But as everyone knows, you learn to drive after you get the piece of paper  stamped and your picture taken. This goes for your career in being a tax paying individual, you learn on the job. The same advice applies for when you stall at a busy intersection during a thunderstorm as to when you go completely blank during a dream job interview: Don’t Panic. Breathe. Start again (and turn on your hazards).

Nothing can prepare you for how you will feel when you have to step up and speak at a funeral, when you have to take responsibility for a major cock up, or call emergency services. No one will tell you how to leave a relationship, how to support a grieving friend, the best way to negotiate a new salary, wedding venue, holiday discount. You learn as you go.

Twenty years ago, I was 13 and starting high school with dreams of being either a forensic psychologist or investigative journalist (I wanted to be a kick ass combination of Clarice Starling and Nancy Drew). Turns out I wasn’t all that keen on all the stats in Psych, and there didn’t appear to be any access to interviewing serial killers.

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My friend Jasna and I taking graduation very seriously

Ten years after that I ended up in media and advertising,  working with a different brand of psychopath altogether. But the fun kind. Another ten years on from that and I am working in publishing. At least now the psychos are mainly fictional.

I switched up, changed paths and tried new things. And I’m not done yet. In fact most of the most inspirational people I know and look up to have done just that. They keep learning.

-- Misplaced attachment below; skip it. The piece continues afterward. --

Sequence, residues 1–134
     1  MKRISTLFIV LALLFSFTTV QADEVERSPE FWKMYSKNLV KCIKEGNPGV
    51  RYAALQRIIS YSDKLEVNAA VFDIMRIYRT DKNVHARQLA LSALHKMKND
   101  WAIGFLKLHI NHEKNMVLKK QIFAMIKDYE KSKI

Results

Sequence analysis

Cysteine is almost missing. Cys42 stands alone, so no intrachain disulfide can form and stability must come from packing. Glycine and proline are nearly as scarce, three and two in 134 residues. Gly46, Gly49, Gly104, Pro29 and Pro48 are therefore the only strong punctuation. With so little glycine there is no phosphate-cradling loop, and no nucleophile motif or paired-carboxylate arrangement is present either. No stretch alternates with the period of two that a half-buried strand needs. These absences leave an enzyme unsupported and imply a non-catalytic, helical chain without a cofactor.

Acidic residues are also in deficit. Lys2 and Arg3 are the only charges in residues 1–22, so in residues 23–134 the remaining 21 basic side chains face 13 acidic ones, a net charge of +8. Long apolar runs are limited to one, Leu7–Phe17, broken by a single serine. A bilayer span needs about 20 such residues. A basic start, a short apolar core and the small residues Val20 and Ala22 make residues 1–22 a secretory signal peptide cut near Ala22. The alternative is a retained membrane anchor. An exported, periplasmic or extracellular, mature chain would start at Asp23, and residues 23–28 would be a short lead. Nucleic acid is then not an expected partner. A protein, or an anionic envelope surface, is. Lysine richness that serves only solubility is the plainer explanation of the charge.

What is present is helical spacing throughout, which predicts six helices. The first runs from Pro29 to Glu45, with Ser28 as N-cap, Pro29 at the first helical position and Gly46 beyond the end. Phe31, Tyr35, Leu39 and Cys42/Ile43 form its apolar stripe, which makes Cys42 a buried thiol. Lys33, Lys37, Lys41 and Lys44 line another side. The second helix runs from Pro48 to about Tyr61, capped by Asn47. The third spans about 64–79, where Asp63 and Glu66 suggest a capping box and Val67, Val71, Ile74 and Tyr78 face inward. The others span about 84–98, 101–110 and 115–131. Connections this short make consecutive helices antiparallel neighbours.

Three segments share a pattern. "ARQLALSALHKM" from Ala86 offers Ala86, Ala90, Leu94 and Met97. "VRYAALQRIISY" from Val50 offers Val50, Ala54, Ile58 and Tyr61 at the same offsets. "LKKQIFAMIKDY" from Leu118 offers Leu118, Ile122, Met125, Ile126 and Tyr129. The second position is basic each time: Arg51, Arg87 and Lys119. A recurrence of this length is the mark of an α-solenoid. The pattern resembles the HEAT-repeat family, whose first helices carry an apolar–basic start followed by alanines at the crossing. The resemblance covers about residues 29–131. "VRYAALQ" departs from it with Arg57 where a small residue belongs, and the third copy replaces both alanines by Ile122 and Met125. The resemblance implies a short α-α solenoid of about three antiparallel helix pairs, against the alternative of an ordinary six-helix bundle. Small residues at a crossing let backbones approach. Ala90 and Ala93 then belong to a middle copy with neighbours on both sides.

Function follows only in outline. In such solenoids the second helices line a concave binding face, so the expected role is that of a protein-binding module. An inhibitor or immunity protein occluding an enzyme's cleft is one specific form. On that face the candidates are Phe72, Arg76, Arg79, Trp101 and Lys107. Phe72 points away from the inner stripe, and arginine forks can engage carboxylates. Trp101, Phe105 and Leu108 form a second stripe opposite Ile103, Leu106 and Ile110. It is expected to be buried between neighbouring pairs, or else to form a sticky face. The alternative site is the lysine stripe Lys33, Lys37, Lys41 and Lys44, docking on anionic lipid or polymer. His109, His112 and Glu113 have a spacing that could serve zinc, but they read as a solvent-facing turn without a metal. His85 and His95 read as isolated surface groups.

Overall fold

Which was why I was really surprised to find that all of the younger people I have been speaking to are still focusing on becoming a ‘something’. Trying to figure out the right subjects, take the right courses, land the one job. And I remember this fear really well, desperate to choose the right mix of courses so as not to limit my career choices. The fact is that my choice of second year electives have very little bearing on what I do today other than to make very useful at certain pub quizzes that feature Greek Mythology. Few of us have a job for life. We get to make mistakes, discover new talents and pursue unforeseen opportunities.

That said, I am now 33 years old. Officially in my Jesus Year (yes apparently this is a thing now) and I am expected to get a move on and get my shit together. Or have some spiritual awakening. So I guess my choices are to have some fantastic career breakthrough or head to Cambodia to meditate.

But I still have no idea what I want to be. I am taking this as a good thing and a sign that there are still many more adventures to be had.

Any other Clarice wannabes out there? Love to hear what you lot want to be when you grow up